Europe in battle to overcome economic lag vs US, Asia


    By Dhara Ranasinghe

    LONDON- Europe’s slow vaccine roll-out means its economic recovery could lag behind upturns in the United States and Asia unless it can get the program back on track in the weeks ahead.

    The International Monetary Fund last month hailed the strong China rebound and forecast that the US and Japanese economies would return to pre-pandemic levels by the end of the year, but the euro zone won’t catch up until next year.

    While President Joe Biden’s administration aims to provide even more stimulus in a $1.9 trillion US package, EU capitals are still negotiating which projects will get funding from a 750 billion-euro joint recovery fund.

    Delays to the European Union’s vaccine roll-out and concern about new coronavirus variants, meanwhile, make it harder for European governments to ease current pandemic restrictions.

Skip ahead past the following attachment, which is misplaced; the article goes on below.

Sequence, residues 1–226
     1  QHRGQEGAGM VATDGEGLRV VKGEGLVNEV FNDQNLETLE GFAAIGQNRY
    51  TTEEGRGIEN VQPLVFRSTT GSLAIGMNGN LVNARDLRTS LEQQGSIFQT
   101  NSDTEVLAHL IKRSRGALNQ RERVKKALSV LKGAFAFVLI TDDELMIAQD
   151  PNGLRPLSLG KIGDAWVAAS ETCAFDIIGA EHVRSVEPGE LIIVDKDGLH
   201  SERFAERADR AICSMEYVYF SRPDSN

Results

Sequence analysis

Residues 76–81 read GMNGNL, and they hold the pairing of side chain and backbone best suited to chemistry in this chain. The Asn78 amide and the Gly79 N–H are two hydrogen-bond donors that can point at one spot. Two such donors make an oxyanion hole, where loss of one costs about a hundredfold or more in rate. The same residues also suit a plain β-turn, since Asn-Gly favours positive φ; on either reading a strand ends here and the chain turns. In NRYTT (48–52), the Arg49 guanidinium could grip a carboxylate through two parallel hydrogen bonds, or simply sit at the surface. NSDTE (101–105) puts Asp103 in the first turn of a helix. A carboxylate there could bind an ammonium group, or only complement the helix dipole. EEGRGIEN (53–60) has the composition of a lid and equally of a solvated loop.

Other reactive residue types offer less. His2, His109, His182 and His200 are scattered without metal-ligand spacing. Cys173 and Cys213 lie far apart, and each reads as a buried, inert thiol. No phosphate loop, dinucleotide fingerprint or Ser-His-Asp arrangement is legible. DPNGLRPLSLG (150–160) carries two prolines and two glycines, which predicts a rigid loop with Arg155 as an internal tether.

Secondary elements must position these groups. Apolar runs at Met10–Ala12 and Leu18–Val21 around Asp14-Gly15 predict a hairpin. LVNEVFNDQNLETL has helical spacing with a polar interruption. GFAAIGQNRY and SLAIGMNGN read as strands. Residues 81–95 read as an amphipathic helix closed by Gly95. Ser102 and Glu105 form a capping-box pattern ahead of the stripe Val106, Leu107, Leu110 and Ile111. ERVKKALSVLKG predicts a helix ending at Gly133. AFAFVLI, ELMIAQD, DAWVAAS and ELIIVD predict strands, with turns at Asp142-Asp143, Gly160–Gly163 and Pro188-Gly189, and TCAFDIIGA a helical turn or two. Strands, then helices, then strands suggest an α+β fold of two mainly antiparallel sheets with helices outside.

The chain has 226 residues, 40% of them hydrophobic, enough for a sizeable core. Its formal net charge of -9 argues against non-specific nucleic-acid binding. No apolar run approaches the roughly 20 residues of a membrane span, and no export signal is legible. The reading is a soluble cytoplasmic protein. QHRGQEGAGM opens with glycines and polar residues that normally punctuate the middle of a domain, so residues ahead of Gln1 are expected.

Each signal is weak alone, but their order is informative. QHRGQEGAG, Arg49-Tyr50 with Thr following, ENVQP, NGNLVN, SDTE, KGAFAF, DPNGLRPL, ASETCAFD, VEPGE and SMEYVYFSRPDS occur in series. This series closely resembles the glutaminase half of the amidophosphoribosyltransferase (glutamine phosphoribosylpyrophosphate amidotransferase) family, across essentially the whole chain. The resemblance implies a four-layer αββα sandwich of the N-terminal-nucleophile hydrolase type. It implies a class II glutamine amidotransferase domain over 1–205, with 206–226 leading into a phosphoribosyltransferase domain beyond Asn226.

“It remains a race between mutations of the virus and the vaccination, and euro zone countries are lagging on the vaccination process, that’s for sure,” said Sylvain Broyer, chief economist EMEA at S&P Global Ratings.

    Data this week showed the euro zone’s downturn deepened in January as renewed restrictions hit the region’s dominant service industry hard. Existing lockdowns in many countries are set to last into March and beyond.

    A German survey on Thursday showed that companies in the zone’s biggest economy expect restrictions of some kind to be in place until mid-September.

    Much of the concern lies with the EU vaccination program, launched with much fanfare on Dec. 27 but since struggling with slow rollouts and shortages of vaccine.

    According to calculations by trade insurance group Euler Hermes, average daily vaccination rates across major EU economies stand at just 0.12 percent of the population – four times lower than in Britain and the United States.

    EU countries have so far given first doses to about 3 percent of their populations, compared with 9 percent for the United States and 14 percent for Britain, according to Our World in Data.